1. Topic-
Changes From Heat
2. Content-

1. Applying heat can cause changes that we can observe.
2. Heat can cause water to evaporate.
3. Heat can cause solids to melt.
3. Goals: Aims/Outcomes-
1.Students will understand the concepts of evaporation and melting.
2. Students will participate in a group activity to demonstrate the effect of heat.
3. Students will demonstrate their knowledge through participation in an interactive game as well as a writing prompt.
4. Objectives-
1. Identify uses of heat that cause change such as evaporation.
2. Test uses of heat that cause melting.
3. Predict and observe methods of heat that cause evaporation.
5. Materials and Aids-
1. Hair dryer
2. Construction paper
3. Spray bottle with water
4. Crayons for each student
5. Hot plate
6. Disposable muffin-size tins 6 count, per group
7. Tongs (1)
8. "Change from heat" sequence cards, per group
9. Interactive review game
10. Projection Screen 11.Computer
12. Writing prompt for each student
13. Pencils for each student
6. Procedures/Methods-

A. Introduction-

1. Students will explore ways to remove water without touching it and by using heat.
2. The teacher will spray construction paper with water and dry the paper with a hairdryer. Students will describe the changes they see.

3. Introduction: the teacher will tell students that she will spray a piece of paper with water. Ask students what it might look like after spraying it. Spray the paper with water. Ask students what they see. Have students think of solutions: What is we wanted to use this paper again? Can we remove the water? What could we do to dry the paper? (Add heat). Blow dry the paper with a hairdryer. Ask the students: What did we see happen? Where did the water go? Did it evaporate?

B. Development-

1. In this activity students will observe how heat affects crayons. Teachers will melt mixtures of crayon pieces and students will use their new crayons while discussing how heat has changed the objects.
2. Introduce the scenario to students. We are going to be artists today and design our own crayon colors. Hold up a crayon and ask how we might change it. Students may point out you can break them or change them in other ways. Hand out two crayons to each student.
3. Have students draw the crayon to begin with. What does it look like now? Have students remove the paper from their crayons.
Then show the hotplate, and ask how heat might change the crayon. You can remind students of chocolate bars left in cars, or ice cream on a warm day.

C. Practice-

1. Students will break a piece of their crayons into the tin. The teacher will heat the tins on the hot plate to melt the wax. Have students predict what their final crayon will look like while the crayons are melting, and record this in their student journals.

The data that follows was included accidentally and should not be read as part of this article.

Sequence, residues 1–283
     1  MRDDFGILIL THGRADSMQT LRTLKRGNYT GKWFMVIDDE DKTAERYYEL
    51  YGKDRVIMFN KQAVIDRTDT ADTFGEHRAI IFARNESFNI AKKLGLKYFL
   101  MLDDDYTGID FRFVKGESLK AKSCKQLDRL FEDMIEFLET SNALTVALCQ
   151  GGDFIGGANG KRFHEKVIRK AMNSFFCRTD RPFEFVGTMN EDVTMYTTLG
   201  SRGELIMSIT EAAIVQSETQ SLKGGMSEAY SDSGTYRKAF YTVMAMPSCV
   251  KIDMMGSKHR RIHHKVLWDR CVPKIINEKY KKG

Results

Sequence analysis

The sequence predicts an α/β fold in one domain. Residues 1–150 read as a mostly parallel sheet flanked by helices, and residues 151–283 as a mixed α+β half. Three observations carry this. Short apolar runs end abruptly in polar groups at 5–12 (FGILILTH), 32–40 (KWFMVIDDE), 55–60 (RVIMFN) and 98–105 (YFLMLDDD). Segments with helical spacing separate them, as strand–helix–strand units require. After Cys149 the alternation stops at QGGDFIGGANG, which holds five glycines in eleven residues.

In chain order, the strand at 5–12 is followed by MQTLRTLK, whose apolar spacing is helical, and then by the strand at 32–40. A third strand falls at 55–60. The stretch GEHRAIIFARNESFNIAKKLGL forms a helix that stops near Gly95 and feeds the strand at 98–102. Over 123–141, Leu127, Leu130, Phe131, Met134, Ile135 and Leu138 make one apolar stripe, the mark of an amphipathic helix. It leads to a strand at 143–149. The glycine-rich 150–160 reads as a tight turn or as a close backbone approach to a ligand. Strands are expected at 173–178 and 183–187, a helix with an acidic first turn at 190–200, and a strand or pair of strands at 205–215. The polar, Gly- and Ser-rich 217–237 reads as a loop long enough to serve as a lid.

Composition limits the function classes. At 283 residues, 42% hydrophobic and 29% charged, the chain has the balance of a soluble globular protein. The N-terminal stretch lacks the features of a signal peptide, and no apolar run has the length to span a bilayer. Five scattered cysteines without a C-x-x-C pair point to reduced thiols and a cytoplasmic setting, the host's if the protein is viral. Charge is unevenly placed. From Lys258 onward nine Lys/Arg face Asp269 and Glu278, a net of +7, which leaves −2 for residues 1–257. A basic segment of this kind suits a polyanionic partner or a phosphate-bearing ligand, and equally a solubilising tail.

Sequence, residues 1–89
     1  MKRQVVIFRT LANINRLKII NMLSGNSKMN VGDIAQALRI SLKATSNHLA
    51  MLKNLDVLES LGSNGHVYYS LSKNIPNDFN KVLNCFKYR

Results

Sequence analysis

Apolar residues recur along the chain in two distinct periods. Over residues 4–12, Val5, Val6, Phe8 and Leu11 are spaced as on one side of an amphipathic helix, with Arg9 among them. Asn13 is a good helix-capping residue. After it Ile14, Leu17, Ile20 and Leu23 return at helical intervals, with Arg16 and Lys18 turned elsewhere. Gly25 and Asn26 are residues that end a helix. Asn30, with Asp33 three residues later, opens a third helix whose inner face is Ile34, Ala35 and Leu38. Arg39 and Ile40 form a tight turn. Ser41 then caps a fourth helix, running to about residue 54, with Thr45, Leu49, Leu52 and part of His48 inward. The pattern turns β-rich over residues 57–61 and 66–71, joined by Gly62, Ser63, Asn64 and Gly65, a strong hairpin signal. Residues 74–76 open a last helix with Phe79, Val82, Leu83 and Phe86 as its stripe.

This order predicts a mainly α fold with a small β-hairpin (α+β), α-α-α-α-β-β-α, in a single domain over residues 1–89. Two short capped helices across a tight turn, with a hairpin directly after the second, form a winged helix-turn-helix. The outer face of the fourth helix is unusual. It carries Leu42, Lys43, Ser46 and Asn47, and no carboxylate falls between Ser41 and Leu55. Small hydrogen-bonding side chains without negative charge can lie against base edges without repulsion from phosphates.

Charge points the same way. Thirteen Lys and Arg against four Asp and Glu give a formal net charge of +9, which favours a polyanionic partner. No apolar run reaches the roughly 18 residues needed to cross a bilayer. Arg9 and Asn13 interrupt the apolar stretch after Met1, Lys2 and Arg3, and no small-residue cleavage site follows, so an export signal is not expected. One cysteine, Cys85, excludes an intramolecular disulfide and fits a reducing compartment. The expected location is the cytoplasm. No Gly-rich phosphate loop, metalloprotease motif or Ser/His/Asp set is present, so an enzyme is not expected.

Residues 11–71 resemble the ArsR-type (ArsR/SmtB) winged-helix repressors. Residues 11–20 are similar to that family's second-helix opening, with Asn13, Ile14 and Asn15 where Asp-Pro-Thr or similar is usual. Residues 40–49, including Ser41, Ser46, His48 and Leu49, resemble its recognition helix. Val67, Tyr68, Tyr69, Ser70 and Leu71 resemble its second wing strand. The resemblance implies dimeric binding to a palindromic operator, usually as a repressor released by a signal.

2. Cool the wax until hardened. Have students discuss what caused their crayons to change, and what changes students see. Students will draw their final crayon.

D. Independent Practice-

1. Sequence heat action cards that display how heat changes certain items.
2. Students will form groups of three. There will be three parts to a team: an image that shows something before heat is applied, a heat source, and an image showing what happens after the heat is applied.
3. Students will find their teammates based on what their card shows. For example, a student with a "wet hair" card will need to find the students with the "hair dryer" and "dry hair" card.
4. Once they have found their correct groups, students will verbalize their sequence: how has heat changed their object?

E. Accommodations (Differentiated Instruction)-

1. The visuals provided in the group activity, teacher led experiment and the interactive game will increase understanding for students who benefit from visual learning.
2. Students may be given sentence strips or draw pictures in order to explain their ideas for the individual written activity.

F. Checking for understanding-

1. As a class, students will play an online interactive game which asks questions about changes from heat.
2. The teacher will administer the game and assess student understanding through student participation.

G. Closure-

1. The teacher will provide a summary of how heat causes change.
2. The teacher will ask students to provide examples of how this occurs.
7. Evaluation-
1. Students will respond to the following writing prompt: "It is winter time. You are drinking hot chocolate outside with your family. Write what it feels like to be outside in the winter."
2. This piece of writing will be collected and evaluated.

8. Teacher Reflection-
The activities leading up to the final writing prompt will be monitored and assessed for student understanding. Students will participate in discussion during the teacher led activity, group activity and the interactive online game. Through student discussion and participation, student understanding will be determined. The summative assessment will determine student understanding of the entire unit and will allow the teacher to see whether the instruction and activities as a whole were effective for learning.

This Lesson Plan is available at (www.teacherjet.com)